This is My Generation. The End, almost.

Leander Paes, Sachin Tendulkar, Rahul Dravid, Sourav Ganguly are all a few months to 1 year older than me. Bhaichung Bhutia is 2 years younger. These five people have been my contemporaries literally. And their life over the last 25 odd years has, in many ways, mirrored my own. The contexts are different but the questions are the same. The similar conflicts of choice, responsibilities, ambition and aspirations. The shared pain of graduating from random teenage dabbling to becoming a contender and then becoming class, the pressure of maintaining that class and trying to evolve oneself and maintain relevance and motivation as the environment changes and age and cynicism kicks in. I have followed the careers of these five people not just because they play a sport that one has an interest in but also because they faced and struggled with and overcame the same life questions as I did, at the same time as me.

The retirement of Sachin Tendulkar from active sport (he still has to play a couple of tests) makes it 80% down for my generation. That Leander is still around winning Grand Slams is something that, in a way, does not surprise one at all, given how one has seen him over the years. Of course, he does not wince when Patrick McEnroe calls him a senior citizen. He wears that tag quite openly and is still a medal contender at the Olympics, even with a rookie who did not even have a pair of shoes.

Given these almost parallel lives that one has lived with, it would be too shallow and meaningless to call myself a fan of any of these players. To me, each one represents a model of, a way of life in a way, of what an Indian can do. We all have our talents and abilities and our respective areas of interests, aspirations and passions. These five people demonstrate a very human and ergo realistic way of bringing all of those things to life in spectacular fashion, not just for a short burst of 15 minutes but for an entire lifetime of a generation, a quarter of a century. And more. These five people are not supermen who come from a different planet and have different non-human qualities. They come from the same social milieu (barring Bhaichung Bhutia whose background is far different from the urban middle class environs of the other four) as me (heck, Sachin flunked HSc, something that I was in danger off till I managed to get some tuitions classes) and I can see and empathise with their failings as many of those failings are issues that me and most people of our times face and have faced.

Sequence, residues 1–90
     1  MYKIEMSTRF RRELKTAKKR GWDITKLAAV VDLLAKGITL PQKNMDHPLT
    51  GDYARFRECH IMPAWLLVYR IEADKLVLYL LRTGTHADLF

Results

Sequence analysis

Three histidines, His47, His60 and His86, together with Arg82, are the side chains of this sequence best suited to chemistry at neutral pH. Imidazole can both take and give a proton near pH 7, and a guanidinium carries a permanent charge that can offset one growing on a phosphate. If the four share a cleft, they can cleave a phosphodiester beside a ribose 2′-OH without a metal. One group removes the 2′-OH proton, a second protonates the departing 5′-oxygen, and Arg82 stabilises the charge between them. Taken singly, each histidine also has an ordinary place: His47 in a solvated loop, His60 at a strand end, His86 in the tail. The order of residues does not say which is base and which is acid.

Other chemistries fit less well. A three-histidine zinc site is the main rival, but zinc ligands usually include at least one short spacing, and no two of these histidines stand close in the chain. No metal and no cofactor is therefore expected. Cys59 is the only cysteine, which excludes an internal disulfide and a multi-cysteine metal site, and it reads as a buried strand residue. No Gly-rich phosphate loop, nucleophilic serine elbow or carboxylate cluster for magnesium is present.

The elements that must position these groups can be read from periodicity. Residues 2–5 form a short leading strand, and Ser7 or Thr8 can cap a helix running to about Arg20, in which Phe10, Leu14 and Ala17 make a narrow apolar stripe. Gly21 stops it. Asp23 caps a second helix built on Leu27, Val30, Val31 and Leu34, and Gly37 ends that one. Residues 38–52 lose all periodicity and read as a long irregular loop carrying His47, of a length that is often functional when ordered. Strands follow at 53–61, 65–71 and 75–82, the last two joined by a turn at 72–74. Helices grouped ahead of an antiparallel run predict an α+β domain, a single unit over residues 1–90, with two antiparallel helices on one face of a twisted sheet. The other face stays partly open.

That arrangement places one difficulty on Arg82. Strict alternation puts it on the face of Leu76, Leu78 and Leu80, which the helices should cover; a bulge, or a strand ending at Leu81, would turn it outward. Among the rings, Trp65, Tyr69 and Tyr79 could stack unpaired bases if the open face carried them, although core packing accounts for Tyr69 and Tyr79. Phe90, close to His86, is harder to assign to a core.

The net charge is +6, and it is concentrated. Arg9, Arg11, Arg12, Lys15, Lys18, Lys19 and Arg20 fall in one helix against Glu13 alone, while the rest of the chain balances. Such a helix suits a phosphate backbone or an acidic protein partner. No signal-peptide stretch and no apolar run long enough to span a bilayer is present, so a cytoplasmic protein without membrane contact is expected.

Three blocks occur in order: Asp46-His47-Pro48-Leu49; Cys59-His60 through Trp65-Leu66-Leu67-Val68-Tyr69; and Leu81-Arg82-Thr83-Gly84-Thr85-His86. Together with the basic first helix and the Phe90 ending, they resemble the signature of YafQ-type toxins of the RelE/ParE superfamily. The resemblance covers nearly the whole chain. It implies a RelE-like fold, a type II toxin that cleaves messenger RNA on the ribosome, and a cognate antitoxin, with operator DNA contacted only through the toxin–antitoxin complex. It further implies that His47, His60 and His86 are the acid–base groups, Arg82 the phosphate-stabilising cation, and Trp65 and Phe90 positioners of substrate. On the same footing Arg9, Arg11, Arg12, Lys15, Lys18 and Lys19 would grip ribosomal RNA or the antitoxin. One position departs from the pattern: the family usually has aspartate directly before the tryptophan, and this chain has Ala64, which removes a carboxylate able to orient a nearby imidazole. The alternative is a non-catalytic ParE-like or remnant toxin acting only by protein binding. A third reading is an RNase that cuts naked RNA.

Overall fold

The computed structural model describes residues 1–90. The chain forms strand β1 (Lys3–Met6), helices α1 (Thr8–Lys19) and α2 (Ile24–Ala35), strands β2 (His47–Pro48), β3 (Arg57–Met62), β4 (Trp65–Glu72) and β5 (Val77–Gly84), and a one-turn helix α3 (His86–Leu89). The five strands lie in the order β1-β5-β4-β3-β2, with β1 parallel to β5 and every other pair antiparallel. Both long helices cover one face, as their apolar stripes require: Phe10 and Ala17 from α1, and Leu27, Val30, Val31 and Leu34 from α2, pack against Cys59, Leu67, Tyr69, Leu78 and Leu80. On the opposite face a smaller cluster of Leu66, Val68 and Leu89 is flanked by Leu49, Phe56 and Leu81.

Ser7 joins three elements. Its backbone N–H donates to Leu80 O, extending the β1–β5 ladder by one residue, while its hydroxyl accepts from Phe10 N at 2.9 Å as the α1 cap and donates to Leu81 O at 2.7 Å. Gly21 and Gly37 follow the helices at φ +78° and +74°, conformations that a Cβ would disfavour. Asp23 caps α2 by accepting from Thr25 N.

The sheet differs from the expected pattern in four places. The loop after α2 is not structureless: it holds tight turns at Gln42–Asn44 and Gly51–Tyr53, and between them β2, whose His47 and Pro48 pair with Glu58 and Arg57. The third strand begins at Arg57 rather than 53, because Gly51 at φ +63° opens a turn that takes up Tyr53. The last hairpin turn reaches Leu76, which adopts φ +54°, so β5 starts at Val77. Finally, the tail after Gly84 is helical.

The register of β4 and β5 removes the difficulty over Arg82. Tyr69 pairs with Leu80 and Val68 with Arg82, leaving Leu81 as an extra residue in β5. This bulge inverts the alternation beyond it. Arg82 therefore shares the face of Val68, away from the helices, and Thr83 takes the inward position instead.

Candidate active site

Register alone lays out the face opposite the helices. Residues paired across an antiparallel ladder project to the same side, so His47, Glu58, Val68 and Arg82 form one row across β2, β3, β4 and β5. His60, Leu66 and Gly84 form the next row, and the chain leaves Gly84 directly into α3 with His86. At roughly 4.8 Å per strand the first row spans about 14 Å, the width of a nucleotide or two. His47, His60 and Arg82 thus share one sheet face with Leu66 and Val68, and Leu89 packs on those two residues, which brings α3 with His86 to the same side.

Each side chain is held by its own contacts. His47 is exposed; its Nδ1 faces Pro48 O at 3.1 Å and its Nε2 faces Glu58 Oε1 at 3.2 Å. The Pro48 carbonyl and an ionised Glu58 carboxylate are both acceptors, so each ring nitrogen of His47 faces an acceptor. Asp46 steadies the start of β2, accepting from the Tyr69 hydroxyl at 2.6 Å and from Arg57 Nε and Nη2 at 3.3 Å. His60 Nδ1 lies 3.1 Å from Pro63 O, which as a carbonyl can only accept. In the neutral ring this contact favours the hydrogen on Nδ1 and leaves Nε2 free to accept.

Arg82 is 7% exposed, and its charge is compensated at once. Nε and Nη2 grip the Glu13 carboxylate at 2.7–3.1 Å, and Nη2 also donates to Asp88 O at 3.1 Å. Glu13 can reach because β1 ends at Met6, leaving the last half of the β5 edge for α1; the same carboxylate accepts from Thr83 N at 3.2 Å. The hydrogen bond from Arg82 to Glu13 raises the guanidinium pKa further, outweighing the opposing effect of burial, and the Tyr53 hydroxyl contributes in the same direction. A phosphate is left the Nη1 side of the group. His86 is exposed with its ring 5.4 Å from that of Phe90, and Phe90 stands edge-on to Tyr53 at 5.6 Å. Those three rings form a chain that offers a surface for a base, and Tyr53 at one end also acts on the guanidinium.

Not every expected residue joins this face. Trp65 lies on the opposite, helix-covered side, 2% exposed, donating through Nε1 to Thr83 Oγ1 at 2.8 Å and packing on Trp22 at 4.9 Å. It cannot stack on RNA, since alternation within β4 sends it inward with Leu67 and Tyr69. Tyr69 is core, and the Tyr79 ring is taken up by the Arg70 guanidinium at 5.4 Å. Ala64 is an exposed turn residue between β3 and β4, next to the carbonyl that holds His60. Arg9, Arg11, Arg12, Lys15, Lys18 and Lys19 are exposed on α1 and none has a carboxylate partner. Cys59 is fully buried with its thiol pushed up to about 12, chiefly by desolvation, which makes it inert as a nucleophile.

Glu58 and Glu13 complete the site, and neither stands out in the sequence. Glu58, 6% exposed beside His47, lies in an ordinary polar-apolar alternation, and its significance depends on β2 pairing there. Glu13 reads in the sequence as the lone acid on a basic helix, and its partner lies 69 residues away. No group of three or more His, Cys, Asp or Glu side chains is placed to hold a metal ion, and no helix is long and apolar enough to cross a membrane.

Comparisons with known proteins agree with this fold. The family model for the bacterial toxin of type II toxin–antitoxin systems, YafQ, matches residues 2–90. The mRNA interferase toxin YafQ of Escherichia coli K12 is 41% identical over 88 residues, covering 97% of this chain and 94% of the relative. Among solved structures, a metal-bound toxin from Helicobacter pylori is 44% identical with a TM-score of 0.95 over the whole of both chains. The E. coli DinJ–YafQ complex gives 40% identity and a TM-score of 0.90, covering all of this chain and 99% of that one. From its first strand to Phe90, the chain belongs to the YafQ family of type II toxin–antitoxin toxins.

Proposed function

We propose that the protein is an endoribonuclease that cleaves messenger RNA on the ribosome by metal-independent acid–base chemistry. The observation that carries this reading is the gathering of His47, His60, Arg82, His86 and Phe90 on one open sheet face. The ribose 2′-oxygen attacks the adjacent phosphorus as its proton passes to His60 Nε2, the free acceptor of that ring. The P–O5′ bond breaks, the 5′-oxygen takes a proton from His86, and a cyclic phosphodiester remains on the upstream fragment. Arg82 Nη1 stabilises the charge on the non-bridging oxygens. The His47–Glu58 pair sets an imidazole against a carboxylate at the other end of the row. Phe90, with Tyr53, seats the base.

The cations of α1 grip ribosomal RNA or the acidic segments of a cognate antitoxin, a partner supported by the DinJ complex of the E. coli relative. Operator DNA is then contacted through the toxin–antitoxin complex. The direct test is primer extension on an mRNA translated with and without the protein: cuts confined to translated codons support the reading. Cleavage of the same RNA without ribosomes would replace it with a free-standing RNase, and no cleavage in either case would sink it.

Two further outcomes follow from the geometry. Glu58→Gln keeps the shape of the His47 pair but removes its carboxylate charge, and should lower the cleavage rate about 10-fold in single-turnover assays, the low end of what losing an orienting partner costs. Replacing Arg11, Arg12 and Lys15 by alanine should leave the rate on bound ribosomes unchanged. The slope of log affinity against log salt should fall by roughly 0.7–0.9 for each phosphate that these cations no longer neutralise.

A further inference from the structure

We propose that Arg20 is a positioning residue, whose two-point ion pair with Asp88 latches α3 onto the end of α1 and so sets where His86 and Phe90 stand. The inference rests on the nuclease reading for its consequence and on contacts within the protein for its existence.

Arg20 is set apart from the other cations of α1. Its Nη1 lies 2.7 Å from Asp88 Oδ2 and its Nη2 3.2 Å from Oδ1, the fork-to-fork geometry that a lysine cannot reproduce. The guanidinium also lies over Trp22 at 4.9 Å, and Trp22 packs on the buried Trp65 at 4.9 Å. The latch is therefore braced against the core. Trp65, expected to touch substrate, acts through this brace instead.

Bhaichung has moved off the football field for India but continues to score goals through his wards from his football schools and the United Sikkim club he founded to give opportunities to fellow Sikkimese people like him. He is the biggest voice India have in football and given his age, his role as a coach and manager is going to be huge.

Sourav and Rahul have moved on, immediately, to some commentary duties but there would be, no doubt, some more productive activities that they are likely to turn towards in due course.

Which brings us to Sachin. What is he going to do? This is a question that he has been asking himself for the last 5 years. It is a genuine fear. Sachin took to top level competitive cricket since his age crossed double figures. Since then, he has done nothing else. Like a software programmer who spends 30 years in the trade and knows only coding (and over the years has become brilliant at it). Take away the coding job of the software programmer, what is he to do? He has not bothered to engage with anything else. He has no other skills or affinities or preferences. Without the coding problems, he has no meaning in his life. Like actors who find it difficult to adjust to life when they retire, a Norma Desmondesque schizophrenia grips such people.

Sachin knows everything there is know about playing cricket. But that’s it. From the repeated use of the phrase (and variations of it) “It’s hard to imagine a life without playing cricket because it’s all I’ve ever done since I was 11,” it is very clear, this is a very big fear in his life. (A fear all of us have).

I, for one, never understand this whole farce of asking people to retire. It is the selectors’ job to pick and drop players. A player has the full right and freedom to play till whatever age he or she wants. This is true for all professions. A journalist can continue to write even if he or she has turned senile and is in advanced stage of dementia. It is for the editor to decide whether the copy is legible and publishable. Sachin was perfectly right in continuing to play and believe that he was helping Team India.